This is ridiculous. Firstly, ISI is a military organization operating under strict organizational control and discipline where officers are rotated in the normal course. It functions according to a defined mandate, unlike armed forces in some other countries and unlike the CIA which is known to be an invisible government on its own. Above all, Pakistan and its military are committed to weeding out religious extremism as a matter of state policy.
Secondly, if the American troops are so incapable of overcoming a rag tag army of Taliban and if the complicity of ISI with the Taliban can be instrumental in changing the course of the American war, then it is a sad day for America as a super power and the strength of NATO forces becomes questionable.
Thirdly, in the world of intelligence, contacts are kept even with the enemy and at all times. CIA keeps contacts within Russia and other hostile countries. Israel, the great American ally, spies on America itself. It is common for all intelligence agencies to do this in the security interests of their countries. Why then should America expect an exception to be made in case of ISI? Why should contacts that ISI developed with the mujahedeen and the Taliban earlier, and which if it does still maintain, become a source of such great concern for the American administration?
Demanding that the ISI subordinate Pakistan security to U.S. interests.
It has often been argued that America expects Pakistan to be actively engaged in the Afghan war in return for the military assistance it provides. The answer is quite simple. The American establishment is doing all that needs to be done in support of its own war and not for the love of Pakistan. The war is theirs, not Pakistan’s. Pakistan should do and is doing what is necessary and feasible, without jeopardizing its own security.
As for the assistance, bulk of the $10 billion that America gave in the past and was branded as “aid” was in fact the reimbursement of expenses that Pakistan had already incurred in supporting the war effort. The rest was to meet Pakistan’s needs for operations in the border areas and for fighting terrorism that arose out of the war. The Americans still owe $35 billion to reimburse the losses Pakistan has incurred due to this war. As for the F16s that Pakistan is getting from the US, it pays for them, despite strict restrictions over their usage.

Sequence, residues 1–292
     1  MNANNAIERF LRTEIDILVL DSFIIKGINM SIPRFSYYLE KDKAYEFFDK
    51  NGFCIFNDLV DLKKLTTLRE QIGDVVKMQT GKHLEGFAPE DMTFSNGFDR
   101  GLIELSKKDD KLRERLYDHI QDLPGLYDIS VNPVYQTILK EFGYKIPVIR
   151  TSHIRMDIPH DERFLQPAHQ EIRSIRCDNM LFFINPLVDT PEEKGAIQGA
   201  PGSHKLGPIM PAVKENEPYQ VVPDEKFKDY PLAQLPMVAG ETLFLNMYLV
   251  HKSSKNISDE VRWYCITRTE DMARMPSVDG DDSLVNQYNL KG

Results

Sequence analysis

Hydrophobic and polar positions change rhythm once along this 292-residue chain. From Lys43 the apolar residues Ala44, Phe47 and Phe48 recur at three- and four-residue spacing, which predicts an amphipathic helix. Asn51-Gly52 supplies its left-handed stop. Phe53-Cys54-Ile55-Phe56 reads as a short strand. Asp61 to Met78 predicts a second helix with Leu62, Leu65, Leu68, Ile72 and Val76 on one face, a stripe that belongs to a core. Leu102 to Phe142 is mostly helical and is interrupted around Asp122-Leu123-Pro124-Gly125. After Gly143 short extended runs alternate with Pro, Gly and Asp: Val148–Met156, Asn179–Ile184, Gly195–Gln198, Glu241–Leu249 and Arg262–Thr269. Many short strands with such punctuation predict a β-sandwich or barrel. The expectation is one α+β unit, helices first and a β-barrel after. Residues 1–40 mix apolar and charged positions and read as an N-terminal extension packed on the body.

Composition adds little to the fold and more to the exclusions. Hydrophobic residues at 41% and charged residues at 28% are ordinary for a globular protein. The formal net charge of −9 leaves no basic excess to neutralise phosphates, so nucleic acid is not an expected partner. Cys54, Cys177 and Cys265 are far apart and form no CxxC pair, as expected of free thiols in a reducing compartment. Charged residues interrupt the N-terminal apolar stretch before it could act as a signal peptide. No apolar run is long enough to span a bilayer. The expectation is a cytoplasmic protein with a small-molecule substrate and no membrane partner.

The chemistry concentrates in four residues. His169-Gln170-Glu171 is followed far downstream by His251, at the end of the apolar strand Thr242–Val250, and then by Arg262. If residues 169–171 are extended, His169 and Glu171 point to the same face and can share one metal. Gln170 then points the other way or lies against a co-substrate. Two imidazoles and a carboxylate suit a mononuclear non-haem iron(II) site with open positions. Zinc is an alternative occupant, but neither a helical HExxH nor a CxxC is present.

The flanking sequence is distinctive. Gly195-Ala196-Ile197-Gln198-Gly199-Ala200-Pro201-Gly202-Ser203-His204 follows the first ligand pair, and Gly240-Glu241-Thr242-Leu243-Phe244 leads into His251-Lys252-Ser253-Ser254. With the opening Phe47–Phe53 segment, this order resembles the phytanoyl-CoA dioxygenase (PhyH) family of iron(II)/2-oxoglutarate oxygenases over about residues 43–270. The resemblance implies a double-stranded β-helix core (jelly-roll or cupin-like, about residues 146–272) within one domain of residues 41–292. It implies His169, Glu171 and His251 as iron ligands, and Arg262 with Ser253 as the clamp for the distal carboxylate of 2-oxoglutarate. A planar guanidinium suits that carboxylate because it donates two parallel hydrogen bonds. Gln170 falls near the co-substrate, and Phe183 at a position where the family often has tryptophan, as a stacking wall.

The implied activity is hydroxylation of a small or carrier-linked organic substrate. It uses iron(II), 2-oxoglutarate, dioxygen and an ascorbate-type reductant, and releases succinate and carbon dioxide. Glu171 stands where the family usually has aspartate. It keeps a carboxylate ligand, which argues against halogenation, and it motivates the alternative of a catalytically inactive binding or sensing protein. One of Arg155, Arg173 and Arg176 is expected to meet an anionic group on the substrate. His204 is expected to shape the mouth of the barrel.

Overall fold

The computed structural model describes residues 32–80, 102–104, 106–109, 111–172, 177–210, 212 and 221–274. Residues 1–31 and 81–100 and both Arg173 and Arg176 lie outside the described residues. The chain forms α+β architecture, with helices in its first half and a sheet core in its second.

The Indian-Israeli attempt to destabilize Pakistan
Evidence was also unearthed by ISI about how the Indians bought the loyalties of Tehrik-e-Taliban Pakistan (TTP), a grouping of Pakistani tribesmen from FATA and Uzbek fighters from previous wars who settled in the region. The TTP were influenced by the same orthodox religious beliefs as the Taliban in Afghanistan and were active in propagating them in their own areas. They were recruited to launch terror activities in the urban centers of Pakistan, including the capital Islamabad, and were funded, trained and equipped in Afghanistan jointly by the Indian, Israeli and Afghan intelligence agencies. A group from amongst them managed to gain control of Swat area adjoining FATA through coercion of the local population, which was later cleared by the Pakistan army after a major surgical intervention.
The ISI also laid bare strong physical evidence of Indian involvement in supporting insurgency in Balochistan by way of funding, training and equipping misguided and disgruntled Baloch elements grouped under various names including the Balochistan Liberation Army that was led by the fugitive grandson of the notable Bugti tribal chief – Akbar Bugti. His comings and goings in the Indian consulate at Kandahar and the Indian intelligence HQ in Delhi were photographed and his communications intercepted. Numerous training camps in the wilderness of Balochistan were detected where Indian trainers imparted training in guerilla warfare and the use of sophisticated weapons, which otherwise could not be available to the Baloch tribesmen. Flow of huge funds from Afghan border areas to the insurgents was detected that was traced back to the Indian consulates.
It should be no surprise to the Americans, Indians and the Israelis if they find in ISI an adversary to reckon with. It is also not surprising that the ISI is in their perception, a rogue organization, for it has stood between them and Pakistan’s national security interests. Their frustration and ire, therefore, is understandable.